BROWN: A smarter alternative
A thought experiment: Instead of cutting AccessUVa, why not cut football instead?
The University Bookstore recently held an event at which English Prof. Mark Edmundson talked about his new book, Why Teach?, in which he analyzes the purpose of higher education and advocated strengthening humanities disciplines at universities. At the event, Edmundson discussed a wide range of topics and eventually talked about funding for academic programs. He called for a re-examination of our priorities as a school and argued that if teacher salaries and entire departments were on the table in a budgetary crisis, then athletics funding — specifically football money — should be as well.
Listening to Edmundson, I started thinking about the recent actions taken by the administration and the Board of Visitors to address the University’s financial concerns — specifically the choice to cut the all-grant aid to low-income students that AccessUVa formerly provided. After thinking it over, I don’t think we can maintain our integrity as an institution of learning modeled after Jeffersonian ideals without restoring grant aid — even if it means cutting the budget of something like football.
I, like Edmundson and most of our community, am a huge fan of Cavalier sports. I love going to football games and watching our teams in all sports compete at the extremely high level that they do. I think athletics is a valuable part of the University and deserves to be maintained. I am also a club rower, and benefit from the athletic budget through sharing a boathouse with the varsity women’s team. Our athletes are some of our best ambassadors and alumni.
But I also believe that athletics is not the most important part of the University. Bringing low-income students to the University does not just improve their lives and their family’s lives. It also improves the diversity of experience and perspective of students on Grounds. That, in turn, directly improves the education of every student here. It bolsters our ability to understand and confront a variety of complex issues from a variety of angles in and out of the classroom, and gives the University an increased role in the improvement of our national community. In short, this diversity is invaluable, and could be severely impacted by the cuts to AccessUVa.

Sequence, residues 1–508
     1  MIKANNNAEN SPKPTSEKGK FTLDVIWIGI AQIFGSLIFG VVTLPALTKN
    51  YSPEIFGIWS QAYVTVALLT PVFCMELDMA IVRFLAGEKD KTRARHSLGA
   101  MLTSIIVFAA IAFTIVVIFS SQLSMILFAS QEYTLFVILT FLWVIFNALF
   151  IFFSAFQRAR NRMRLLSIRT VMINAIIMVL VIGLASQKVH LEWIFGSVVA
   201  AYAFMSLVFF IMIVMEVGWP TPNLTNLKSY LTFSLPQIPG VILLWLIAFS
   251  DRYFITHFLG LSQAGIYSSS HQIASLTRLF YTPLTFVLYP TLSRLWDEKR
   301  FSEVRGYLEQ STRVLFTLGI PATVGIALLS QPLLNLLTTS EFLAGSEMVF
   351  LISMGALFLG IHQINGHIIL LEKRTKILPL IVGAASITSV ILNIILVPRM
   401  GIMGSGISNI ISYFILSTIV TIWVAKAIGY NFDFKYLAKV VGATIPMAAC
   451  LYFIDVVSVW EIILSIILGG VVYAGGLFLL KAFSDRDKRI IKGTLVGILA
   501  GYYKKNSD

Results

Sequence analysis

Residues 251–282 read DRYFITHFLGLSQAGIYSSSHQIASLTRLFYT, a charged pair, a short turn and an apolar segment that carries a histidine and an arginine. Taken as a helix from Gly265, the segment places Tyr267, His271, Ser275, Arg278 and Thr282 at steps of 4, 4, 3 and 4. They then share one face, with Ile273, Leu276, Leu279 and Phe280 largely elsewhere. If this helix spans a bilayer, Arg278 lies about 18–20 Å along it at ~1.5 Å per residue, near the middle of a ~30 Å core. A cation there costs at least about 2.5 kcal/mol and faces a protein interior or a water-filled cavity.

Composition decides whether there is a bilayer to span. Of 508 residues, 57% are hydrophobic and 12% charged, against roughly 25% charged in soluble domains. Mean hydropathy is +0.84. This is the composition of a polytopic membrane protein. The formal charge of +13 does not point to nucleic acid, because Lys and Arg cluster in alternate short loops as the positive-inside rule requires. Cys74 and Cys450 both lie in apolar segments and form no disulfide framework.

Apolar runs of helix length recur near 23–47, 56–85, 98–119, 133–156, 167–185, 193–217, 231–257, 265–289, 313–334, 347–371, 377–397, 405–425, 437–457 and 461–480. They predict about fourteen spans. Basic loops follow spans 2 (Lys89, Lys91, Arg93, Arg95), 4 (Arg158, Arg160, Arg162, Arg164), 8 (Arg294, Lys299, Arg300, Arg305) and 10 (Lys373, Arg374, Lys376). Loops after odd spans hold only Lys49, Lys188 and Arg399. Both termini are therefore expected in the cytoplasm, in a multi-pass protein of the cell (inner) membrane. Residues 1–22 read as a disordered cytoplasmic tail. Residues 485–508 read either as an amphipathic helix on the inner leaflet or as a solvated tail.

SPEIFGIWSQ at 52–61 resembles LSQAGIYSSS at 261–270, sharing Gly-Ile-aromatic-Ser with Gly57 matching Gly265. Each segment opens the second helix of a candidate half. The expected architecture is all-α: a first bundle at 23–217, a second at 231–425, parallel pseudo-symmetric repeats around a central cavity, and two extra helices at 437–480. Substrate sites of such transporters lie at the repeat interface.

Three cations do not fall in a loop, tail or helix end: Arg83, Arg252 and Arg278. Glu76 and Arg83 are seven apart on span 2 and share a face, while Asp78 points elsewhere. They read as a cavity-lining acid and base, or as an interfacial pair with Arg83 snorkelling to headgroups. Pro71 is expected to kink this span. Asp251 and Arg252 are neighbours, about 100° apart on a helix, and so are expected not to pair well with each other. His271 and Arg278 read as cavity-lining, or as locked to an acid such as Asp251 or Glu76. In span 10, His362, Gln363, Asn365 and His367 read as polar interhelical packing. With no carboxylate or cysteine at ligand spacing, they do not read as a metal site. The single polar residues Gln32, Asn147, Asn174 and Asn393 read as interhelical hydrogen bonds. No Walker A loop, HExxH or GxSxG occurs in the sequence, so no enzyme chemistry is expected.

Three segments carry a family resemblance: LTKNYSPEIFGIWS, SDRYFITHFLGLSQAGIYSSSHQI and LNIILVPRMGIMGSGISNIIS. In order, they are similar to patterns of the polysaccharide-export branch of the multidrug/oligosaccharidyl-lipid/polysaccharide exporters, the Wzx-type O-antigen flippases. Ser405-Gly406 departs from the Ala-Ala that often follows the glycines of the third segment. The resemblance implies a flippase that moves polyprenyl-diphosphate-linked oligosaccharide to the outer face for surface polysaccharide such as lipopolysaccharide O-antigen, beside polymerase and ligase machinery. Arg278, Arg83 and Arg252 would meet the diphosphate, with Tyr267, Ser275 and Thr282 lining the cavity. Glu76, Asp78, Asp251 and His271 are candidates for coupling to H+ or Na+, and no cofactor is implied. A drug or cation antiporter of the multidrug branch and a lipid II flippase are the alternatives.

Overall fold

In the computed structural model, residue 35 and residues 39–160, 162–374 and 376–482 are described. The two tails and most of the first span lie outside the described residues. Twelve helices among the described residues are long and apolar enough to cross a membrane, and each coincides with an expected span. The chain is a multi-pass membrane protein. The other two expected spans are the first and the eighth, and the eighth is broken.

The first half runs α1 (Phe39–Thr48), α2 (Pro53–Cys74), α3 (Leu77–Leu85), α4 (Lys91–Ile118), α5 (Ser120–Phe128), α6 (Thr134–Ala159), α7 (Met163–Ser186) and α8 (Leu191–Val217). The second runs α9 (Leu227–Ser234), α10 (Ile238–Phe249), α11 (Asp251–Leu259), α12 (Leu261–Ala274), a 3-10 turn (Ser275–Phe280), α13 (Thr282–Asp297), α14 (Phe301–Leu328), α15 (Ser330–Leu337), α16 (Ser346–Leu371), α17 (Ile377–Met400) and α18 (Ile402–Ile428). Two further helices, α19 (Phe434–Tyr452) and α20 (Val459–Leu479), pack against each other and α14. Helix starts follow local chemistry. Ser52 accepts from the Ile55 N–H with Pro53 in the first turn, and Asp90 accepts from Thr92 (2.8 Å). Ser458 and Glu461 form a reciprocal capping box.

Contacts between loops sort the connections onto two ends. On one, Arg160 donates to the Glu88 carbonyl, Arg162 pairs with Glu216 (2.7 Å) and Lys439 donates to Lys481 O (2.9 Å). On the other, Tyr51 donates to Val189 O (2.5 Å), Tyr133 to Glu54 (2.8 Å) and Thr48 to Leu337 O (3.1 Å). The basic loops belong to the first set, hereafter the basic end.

I’m not saying that football should be cut. I also don’t want any athletic programs to be cut, as they are another way for low-income students to find their way to the University. But last year our athletic department took in about $80 million in athletic revenue compared to $75 million in expenses. About $13 million of that revenue came from student fees. In other words, without the contribution students pay each semester, athletics would have lost $8 million last year. That same amount was spent on athletic scholarships, and more than twice that amount was spent on coaches and staff. Could cuts be made to the other $33 million spent each year on athletics? I think some sacrifices could certainly be made.
Cutting AccessUVa is estimated to save about $6 million a year. Taking all of this out of the student fees would still leave $7 million in student money going to athletics. With no cuts to athletics spending that would leave a $1 million dollar deficit. Cutting the overall spending of athletics by just 2 percent would then put our program back in the black by half a million. And I’m sure further cuts could be made without losing athletic scholarships or cutting jobs.
Is this too much of a sacrifice? Loss of socio-economic diversity, which is also a major contributor to racial and cultural diversity, will be devastating in the long term to our status as an elite university. While athletics are an important part of that status as well, they are far less integral and far more capable of taking a modest cut. Jefferson did not want the University to be a source of revenue for athletic teams. He wanted it to be a place where students could challenge each other academically, spiritually, personally and also athletically. He would hate to see the University move toward an isolated bubble of prestige and wealth for the sake of just one of these pursuits.
The University can certainly run a successful athletic program with less money. It is at least realistic enough to just do what Edmundson asked last week and put athletics money on the table next to grants, teacher salaries and academic departments. Maybe we decide as a school that athletics deserves every penny it gets, and we move on. But we owe the low-income students who will be forced to take on thousands in loans to come to our school in the future that conversation. We certainly haven’t had it yet.